Euphemisms old and new
Finding Distraction in the Historical Dictionary of American Slang
I've always been a bit of a prepper, but instead of hand grenades and soup cans, I collect books — especially dictionaries. So sometime during this interminable spring of social distancing and horrendous news, I got lost in Jonathan Lighter's wonderful Historical Dictionary of American Slang (HDAS).
I would share euphemisms from the whole dictionary, but it was never completed — one of the saddest stories in the increasingly bleak story of American lexicography. Instead, here's a look at euphemisms just from H, the holiest of slang letters. Even by restricting myself to one letter, I had to leave out plenty. HDAS is a treasure, and slang even more so.
Also a euphemism for heroin, this unassuming letter can take the place of a popular destination spot in the slang lexicon: hell. Others HDAS euphemisms for the infernal regions include Halifax and hallelujah.
Speaking of hell, war is. That's why a tank has been called a hell buggy. Similarly, napalm can be called hell jelly. That's more of a dysphemism than a euphemism, but whatever. Don’t put it on a sandwich.
I don't know why anyone would need an alternative to hat, but slang is about creativity, not necessity. A hair case covers your headbone.
This is the strong stuff, so-named because it will keep you awake long enough to drive 100 miles.
have a hairy canary
The hairy canary is a close relative of our bovine friends — having a hairy canary is just a more hirsute version of having a cow.
This is an alternative to meathead, an insult greatly popularized by All in the Family, which I recall watching on a cave wall during my youth in the days of yore. There's also hamhead. Speaking of words for dum-dums and nitwits, a hollowhead is an airhead.
I've known a few people who call hogs — snore. If I were married to such a person, I think I would need my own moon base.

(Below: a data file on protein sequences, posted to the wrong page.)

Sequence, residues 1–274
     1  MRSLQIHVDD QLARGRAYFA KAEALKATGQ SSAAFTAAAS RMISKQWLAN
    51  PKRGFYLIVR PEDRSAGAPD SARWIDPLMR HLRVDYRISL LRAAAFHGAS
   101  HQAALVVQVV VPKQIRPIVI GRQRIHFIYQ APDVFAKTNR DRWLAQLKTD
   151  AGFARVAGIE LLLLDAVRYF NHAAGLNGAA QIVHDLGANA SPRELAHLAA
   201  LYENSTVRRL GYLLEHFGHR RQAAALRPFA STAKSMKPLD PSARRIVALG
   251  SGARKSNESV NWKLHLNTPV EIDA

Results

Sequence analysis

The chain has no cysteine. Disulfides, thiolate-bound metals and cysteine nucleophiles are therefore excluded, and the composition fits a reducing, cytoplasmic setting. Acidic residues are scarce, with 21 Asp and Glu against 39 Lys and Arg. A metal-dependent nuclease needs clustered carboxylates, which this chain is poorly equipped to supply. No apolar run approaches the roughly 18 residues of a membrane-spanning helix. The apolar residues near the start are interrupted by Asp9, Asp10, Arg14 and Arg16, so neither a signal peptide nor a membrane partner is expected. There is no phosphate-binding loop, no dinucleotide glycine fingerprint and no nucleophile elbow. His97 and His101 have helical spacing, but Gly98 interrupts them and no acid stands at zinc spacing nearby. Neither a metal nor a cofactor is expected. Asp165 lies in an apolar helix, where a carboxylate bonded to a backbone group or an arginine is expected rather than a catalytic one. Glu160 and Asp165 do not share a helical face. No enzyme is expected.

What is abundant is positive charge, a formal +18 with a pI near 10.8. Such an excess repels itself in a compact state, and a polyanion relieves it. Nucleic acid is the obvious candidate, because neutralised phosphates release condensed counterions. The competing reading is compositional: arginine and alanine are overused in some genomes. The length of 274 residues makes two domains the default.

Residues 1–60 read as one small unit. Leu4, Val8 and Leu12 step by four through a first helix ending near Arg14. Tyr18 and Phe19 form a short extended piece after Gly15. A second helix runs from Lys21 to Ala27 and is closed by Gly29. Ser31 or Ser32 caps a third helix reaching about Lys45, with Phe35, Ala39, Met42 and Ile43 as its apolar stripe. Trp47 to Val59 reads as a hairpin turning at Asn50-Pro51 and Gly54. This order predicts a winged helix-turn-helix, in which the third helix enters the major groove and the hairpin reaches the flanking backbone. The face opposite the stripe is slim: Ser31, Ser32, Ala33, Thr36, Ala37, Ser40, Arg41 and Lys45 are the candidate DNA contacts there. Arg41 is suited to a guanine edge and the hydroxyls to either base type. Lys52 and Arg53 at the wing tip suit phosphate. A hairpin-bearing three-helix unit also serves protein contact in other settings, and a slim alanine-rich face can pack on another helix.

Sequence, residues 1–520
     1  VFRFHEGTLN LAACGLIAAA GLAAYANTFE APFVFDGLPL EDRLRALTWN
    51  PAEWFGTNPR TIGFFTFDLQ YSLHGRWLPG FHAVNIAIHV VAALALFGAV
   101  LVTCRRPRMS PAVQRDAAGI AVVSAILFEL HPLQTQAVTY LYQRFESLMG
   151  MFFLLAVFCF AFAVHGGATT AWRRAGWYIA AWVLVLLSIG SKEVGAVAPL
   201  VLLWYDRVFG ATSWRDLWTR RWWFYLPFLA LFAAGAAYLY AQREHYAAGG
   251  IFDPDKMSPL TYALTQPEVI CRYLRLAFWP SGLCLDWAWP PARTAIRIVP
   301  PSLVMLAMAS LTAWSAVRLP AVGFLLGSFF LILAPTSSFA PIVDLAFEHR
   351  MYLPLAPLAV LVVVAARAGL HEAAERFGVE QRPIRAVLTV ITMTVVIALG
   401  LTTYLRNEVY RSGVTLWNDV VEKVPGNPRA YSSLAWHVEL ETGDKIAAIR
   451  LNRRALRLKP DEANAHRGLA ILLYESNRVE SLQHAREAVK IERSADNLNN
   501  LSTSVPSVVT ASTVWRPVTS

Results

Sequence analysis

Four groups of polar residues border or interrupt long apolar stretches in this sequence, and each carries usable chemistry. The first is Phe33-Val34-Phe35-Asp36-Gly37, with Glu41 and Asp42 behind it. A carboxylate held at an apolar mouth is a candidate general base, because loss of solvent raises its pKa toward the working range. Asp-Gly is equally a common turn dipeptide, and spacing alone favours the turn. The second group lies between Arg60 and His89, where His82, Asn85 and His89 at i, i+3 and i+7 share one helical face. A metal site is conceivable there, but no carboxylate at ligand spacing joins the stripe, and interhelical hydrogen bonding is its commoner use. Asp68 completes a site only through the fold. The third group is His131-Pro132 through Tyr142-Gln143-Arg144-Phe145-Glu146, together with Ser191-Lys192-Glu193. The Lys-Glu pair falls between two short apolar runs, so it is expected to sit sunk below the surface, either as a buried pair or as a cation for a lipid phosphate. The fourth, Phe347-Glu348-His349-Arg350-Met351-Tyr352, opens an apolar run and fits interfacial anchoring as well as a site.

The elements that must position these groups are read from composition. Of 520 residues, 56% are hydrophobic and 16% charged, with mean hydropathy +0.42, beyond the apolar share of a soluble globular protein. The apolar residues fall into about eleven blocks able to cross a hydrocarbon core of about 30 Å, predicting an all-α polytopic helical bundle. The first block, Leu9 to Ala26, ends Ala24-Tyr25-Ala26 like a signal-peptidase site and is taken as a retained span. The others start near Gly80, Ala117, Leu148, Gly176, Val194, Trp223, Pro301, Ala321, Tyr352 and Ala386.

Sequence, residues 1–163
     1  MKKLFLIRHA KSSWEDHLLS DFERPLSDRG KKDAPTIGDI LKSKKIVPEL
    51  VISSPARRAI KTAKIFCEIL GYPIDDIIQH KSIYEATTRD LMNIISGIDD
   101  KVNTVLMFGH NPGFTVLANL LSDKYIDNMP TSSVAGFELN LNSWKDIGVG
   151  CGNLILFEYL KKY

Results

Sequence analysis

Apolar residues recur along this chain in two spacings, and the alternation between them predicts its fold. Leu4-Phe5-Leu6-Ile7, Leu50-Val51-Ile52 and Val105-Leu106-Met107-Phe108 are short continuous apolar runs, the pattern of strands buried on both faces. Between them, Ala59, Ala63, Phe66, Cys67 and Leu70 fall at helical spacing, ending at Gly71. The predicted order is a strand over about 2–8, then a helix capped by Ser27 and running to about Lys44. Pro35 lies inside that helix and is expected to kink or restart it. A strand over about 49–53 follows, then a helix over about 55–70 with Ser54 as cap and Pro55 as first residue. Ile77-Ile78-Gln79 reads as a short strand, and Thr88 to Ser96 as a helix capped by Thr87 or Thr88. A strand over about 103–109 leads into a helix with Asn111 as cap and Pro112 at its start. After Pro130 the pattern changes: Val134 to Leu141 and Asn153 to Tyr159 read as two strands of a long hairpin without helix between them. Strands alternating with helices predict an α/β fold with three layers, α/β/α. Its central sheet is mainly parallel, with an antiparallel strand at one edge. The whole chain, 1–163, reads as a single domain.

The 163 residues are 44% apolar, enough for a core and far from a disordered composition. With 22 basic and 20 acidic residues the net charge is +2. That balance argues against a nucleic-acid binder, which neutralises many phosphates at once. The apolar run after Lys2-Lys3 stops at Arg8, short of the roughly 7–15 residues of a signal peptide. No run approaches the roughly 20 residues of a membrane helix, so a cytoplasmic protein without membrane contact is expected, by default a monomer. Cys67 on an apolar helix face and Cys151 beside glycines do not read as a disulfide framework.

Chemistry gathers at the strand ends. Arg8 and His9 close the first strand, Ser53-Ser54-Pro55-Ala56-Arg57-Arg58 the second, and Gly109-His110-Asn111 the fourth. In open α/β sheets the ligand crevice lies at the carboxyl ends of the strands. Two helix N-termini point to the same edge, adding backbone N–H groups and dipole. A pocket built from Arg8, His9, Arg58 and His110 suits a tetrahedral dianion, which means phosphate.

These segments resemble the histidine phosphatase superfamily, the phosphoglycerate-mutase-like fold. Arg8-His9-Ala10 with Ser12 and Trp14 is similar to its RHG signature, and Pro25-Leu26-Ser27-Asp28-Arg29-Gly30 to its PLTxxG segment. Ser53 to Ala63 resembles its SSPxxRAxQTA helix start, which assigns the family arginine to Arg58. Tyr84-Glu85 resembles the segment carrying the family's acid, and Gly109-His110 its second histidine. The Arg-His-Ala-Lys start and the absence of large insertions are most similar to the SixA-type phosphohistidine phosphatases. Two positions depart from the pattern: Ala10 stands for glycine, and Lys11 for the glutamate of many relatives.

To hogswallow is to confound, confuzzled, bewilder, and gobsmack. I am hogswallowed by so many things these days.
A hoisting engineer is proficient and practiced at drinking. Hoisting engineers love, for example, hop juice (beer). They may wake up with whiskey in the hair (a hangover).
This isn't a euphemism for the latest plastic surgery routine that gives actors a freaky plastic sheen, not unlike being frozen in carbonite. This is a military term referring to any shower lasting more than three minutes.
I don't know how I missed this word when writing Bullshit: A Lexicon, but this is a synonym for BS, specifically baloney. A load of hooey is a lot of honeyfuggle.
This is a baseball term for an affliction akin to butterfingers. A player with hubcab hands bungles catches and fly balls — the ball bounces off their clumsy paws. I for one would like to see Hubcab Hands become a new Batman villain.
Not sure this is really a euphemism, but it is a reduplicative word — one of my favorites lexical categories. A humma-humma — maybe an alternation of humdinger? — is a ruckus or brouhaha.
Again, not a euphemism, but reduplication makes my heart go pit-a-pat. This term, around since the 1800s, is an alteration of hunky-dory. Hunkum-bunkum does not seem to be a synonym for bunkum and bunk, but if you wanted to use it that way, I can't stop you. Another alteration of hunk-dory is hunky-dunky. Yet another is hunky-doodle.
We're living in times that are far from hunky-doodle, so take care of yourself. If you need to turn off the phone and bury your head in an old dictionary for a few hours, do it. Old words are the only kind of news I can stomach these days. They're a welcome refuge from Halifax.